The long-awaited debut flight of NASA’s Orion spacecraft has been scheduled for a morning launch on December 4, a major milestone after nearly 10 years of development. With a window of around 60 minutes, her ride uphill on the United Launch Alliance (ULA) Delta IV-Heavy rocket is targeting a T-0 of 08:03 Eastern Time, from Cape Canaveral’s Space Launch Complex -37B (SLC-37B).
Orion’s Long and Troubled Path:
The debut launch of NASA’s new BEO (Beyond Earth Orbit) spacecraft is a key step toward the Agency’s still-undefined exploration aspirations.
Currently, only two actual missions have been manifested for Orion’s partnership with the Space Launch System (SLS), the latter of which will carry a crew of two astronauts to a captured asteroid on the Exploration Mission -2 (EM-2) flight.
Orion has been a mainstay of NASA’s goal to return to deep space missions for humanity, despite an ever-changing plan. As such, it is unsurprising that the capsule has endured a troublesome infancy.
Born out of the Constellation Program (CxP), Orion started life as the Crew Exploration Vehicle (CEV).
As with any new program, design changes were hardly unexpected. However, this proved to be a huge challenge for Orion, especially when trying to work with the launch vehicle to which she was married, the Ares I.
While some experts argue it was Orion’s large mass that became the main problem, documentation sides with Ares I’s shortfall in performance as the major driver for a series of dramatic design changes, as engineers battled to find mass reserves.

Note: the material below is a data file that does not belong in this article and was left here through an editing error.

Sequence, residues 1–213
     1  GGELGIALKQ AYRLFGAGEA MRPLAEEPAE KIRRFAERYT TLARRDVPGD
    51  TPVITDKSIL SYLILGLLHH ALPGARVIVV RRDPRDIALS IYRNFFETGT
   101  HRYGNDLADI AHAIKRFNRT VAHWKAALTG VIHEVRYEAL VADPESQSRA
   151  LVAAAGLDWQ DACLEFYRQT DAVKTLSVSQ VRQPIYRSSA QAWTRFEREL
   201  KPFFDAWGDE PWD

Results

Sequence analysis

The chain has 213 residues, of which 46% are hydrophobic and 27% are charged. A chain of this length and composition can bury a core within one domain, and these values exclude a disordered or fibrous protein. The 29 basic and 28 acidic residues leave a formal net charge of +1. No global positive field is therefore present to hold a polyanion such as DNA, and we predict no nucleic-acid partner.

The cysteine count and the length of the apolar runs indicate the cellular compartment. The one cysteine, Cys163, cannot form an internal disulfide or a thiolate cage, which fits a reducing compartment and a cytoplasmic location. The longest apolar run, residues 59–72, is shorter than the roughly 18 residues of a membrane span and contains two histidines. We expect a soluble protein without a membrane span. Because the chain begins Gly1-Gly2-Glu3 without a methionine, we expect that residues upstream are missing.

A huge design change was soon implemented very early into the development of the capsule, specifically a reduction in the spacecraft’s diameter by 0.5 meters. This was soon followed by her Service Module being stripped by up to 50 percent of its original mass.
Ironically, that Service Module design was to be later removed from the reckoning, as NASA worked a deal with the European Space Agency (ESA) for the use of ATV hardware on the opening flights – likely to be extended to all flights.
Under the control of Lockheed Martin – now with the name “Orion” – the vehicle’s design changes were as frequent as the schedule delays to her debut flight.
Most of the changes related to a reduction in capability, with Orion changing from a vehicle that could return to land – via the use of an air bag system – to exclusively landing on water, as is the case today.
With frustrations growing between Ares and Orion, project managers held a summit meeting in 2007 and decided they would strip Orion down to a “minimum requirement” spacecraft, thus allowing Ares I some breathing space to work within several thousand pounds of mass reserves.
Known as the Zero Base Vehicle (ZBV) effort, Orion underwent a mass scrubbing process to reduce her to a minimum weight, ahead of the reapplication of some of the deleted capability, element by element.
Notes from “All Hands” meetings around this time didn’t hide the strain between the associated programs, with calls for increased teamwork, chemistry – and to “leave egos at the door” – as a System Definition Review (SDR) board classed Orion’s weight to Ares I’s performance as a “Red” (major) program risk.